During the November 13 trial, Abdeslam’s provocations led to a suspension of the hearing

NOVEMBER 13 – During the trial of the November 13 attacks, Tuesday, March 15, lead defendant Salah Abdeslam again fluctuated between evasion and brutality in court, sparking particularly strong and audible protests from the benches of the civilian parties.

The journalists present report that the defense lawyers unanimously left the courtroom around 6 p.m. to overturn the court’s refusal to formally record these incidents that occurred during the highly tense interrogation of the main defendant, the only surviving member of the to denounce the commandos.

Salah Abdeslam was heard for the second time about the substance of the case, namely the preparation of the attacks. In particular, he is suspected of having made two trips to France to search for explosives. He is also charged with “recovering terrorists” who returned to Europe from Syria via five convoys, with vehicles rented under his real identity, court president Jean-Louis Périès recalled.

Applause and cry

A first round of applause, accompanied by screams, came after Salah Abdeslam said during his interrogation that “we have ruined (his) life”. “130 dead!” shouted a civil party, in an electric atmosphere. Salah Abdeslam’s lawyers took turns speaking to protest the court’s lack of response, but their microphones remained muted.

President Périsè launched a “call for calm”. “I have been trying for months to maintain the serenity of the debates (…) In this context, it is not allowed to hold demonstrations on the part of the public, the magistrate stated. I cannot tolerate that there was applause, neither crying nor comment, it is not that one has to do justice”.

A belated appeal to the defense of Salah Abdeslam, who demanded that these incidents be formally recorded.

During the hearing, Salah Abdeslam silently or stubbornly responded with “no comments” to specific questions about the preparations. He criticized the “sloppy work” of the investigation. The president immediately protested: It’s based on “advanced” investigations, not “crazy”.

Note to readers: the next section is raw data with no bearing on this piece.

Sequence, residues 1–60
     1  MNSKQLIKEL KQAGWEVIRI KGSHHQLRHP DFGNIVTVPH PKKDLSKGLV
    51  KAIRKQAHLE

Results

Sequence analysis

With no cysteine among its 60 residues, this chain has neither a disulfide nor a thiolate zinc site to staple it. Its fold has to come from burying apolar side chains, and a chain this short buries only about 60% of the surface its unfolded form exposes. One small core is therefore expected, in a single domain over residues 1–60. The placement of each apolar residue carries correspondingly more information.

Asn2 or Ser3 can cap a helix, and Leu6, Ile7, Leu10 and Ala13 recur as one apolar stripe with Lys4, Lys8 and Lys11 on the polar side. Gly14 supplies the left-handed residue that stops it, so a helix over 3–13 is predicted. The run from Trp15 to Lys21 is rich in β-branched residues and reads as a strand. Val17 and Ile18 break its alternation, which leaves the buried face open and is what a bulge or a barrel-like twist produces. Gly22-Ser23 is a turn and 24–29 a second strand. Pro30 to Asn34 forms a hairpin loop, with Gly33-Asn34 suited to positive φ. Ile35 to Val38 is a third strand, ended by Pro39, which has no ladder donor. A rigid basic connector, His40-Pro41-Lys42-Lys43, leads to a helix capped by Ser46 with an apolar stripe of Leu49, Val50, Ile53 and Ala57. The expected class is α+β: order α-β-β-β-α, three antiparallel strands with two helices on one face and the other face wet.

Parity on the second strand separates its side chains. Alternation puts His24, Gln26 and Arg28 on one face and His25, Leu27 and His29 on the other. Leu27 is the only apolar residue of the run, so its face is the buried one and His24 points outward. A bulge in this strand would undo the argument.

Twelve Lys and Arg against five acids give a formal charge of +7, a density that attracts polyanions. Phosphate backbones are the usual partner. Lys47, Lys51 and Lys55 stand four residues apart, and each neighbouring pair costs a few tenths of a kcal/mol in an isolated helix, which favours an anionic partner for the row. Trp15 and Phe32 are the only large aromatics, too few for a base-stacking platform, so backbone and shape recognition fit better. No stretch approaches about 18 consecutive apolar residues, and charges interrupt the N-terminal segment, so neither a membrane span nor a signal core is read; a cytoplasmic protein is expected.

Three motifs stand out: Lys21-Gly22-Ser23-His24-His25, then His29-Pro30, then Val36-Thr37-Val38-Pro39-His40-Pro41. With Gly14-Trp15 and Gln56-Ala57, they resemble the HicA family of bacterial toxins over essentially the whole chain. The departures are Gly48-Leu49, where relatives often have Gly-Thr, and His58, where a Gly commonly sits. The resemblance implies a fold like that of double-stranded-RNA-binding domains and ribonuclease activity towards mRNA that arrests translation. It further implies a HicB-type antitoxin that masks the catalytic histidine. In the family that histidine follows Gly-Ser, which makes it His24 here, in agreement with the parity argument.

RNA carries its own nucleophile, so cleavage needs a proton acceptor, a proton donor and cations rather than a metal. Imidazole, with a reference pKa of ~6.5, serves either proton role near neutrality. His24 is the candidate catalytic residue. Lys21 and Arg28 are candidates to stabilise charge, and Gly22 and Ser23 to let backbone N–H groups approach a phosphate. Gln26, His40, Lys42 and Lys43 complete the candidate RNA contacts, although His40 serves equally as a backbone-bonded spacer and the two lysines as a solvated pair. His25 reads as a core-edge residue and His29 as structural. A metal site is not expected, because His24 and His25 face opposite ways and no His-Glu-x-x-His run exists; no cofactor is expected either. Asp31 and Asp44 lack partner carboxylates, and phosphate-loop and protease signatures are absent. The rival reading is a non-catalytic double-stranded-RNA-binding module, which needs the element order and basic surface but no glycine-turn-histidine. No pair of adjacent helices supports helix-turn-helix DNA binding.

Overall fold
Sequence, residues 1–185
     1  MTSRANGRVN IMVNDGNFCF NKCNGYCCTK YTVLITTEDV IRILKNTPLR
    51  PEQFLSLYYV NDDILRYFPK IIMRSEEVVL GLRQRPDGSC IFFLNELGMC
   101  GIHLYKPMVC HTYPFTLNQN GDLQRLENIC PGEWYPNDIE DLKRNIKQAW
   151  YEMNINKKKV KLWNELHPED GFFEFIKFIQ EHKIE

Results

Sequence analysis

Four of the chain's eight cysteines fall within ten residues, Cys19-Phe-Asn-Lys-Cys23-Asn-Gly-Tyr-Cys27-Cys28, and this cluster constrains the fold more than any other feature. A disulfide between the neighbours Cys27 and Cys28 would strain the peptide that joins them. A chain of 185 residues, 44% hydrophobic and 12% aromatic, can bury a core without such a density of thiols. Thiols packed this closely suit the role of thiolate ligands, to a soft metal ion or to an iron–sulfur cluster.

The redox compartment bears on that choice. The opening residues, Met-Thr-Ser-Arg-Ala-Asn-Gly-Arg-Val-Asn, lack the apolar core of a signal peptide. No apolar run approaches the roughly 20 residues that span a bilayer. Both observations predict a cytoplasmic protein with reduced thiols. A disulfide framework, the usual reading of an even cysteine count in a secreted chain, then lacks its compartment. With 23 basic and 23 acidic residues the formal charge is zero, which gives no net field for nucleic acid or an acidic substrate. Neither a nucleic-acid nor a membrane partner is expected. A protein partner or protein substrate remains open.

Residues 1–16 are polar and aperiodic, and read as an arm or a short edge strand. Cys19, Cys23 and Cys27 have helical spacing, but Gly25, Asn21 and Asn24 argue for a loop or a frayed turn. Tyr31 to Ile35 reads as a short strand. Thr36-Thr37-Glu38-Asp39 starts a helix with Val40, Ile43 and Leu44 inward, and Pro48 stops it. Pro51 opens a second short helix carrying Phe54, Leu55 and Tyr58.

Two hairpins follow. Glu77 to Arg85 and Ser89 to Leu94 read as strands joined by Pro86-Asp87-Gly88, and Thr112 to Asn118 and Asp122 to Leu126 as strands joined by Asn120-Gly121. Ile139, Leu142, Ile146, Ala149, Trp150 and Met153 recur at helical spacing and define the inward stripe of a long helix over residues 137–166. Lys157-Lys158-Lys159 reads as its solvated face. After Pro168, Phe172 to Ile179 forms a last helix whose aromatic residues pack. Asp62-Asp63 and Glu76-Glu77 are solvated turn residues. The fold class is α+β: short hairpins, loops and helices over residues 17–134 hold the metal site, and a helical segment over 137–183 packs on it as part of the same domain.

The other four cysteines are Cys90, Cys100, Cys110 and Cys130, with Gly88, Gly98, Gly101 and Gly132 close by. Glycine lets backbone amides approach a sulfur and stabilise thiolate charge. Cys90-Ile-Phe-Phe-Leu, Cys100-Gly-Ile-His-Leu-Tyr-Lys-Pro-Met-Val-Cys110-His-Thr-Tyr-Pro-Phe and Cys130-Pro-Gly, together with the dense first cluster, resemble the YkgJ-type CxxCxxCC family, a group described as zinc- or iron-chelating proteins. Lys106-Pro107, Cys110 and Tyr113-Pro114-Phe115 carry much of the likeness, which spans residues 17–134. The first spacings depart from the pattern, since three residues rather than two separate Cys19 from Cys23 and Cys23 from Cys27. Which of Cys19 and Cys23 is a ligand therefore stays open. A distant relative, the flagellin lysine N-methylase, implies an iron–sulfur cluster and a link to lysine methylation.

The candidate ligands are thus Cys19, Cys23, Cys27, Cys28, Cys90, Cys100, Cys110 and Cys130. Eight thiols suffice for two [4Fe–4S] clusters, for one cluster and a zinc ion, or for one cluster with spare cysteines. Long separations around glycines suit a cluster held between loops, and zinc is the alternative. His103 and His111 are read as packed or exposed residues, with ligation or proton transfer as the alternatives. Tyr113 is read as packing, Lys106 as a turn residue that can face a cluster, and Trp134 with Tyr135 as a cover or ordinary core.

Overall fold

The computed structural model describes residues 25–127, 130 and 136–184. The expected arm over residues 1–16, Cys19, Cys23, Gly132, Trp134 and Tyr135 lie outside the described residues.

The main defendant does not deny the rental of the cars. “On the other hand,” he admits to bringing back “some” members of the commandos, not all of them. He assures that he was not the three French who will form the ‘trio’ of the Bataclan.

Salah Abdeslam expresses himself with ease, sometimes bordering on brutality, recognizing two round trips to look for his “brothers in Islam”. “They lived in a war zone,” he justifies. A bit like “today the war in Ukraine”, those who “go to look for people at the border”, left “to do humanitarian work” or “to fight”, he dares.

Abdeslam says he knows nothing about ‘mission’

The tone also went up when the magistrate asked him what he knew about the organization. “I have the impression that you are a little sensitive,” said Salah Abdeslam, who was threatened with contempt from the court. “We’re not going to say it was great either,” Salah Abdeslam admitted. “I was checked (on the second trip), I rented the vehicles in my name”. “Surreal!”, read bourgeois parties on the benches.

Faced with the persistence of the court, Salah Abdeslam reiterated that he knew nothing about the “mission” of the men he was going to find. “Had you known that these people would directly or indirectly participate in attacks, would you go looking for them?” asked one reviewer, Xaviere Simeoni. “Frankly, that’s a good question,” the defendant replied, adding, “In the frame of mind I was in at the time, party girl, I was going to get married, I guess I wouldn’t have gone for them.” even though they had “probably good reasons”.

But “today you have ruined my life, France, its government. The way you treated me for six years has left its mark,” Salah Abdeslam said. The evaluator cuts it off: these are not “the answers the civil parties expect”.

One of his lawyers, Me Olivia Ronen, was surprised by this comment and recalled that the process is aimed at “revealing the truth”. After the suspension, the hearing will resume on Wednesday, March 16.

See also on The HuffPost: During the November 13 trial, the first interrogation of Salah Abdeslam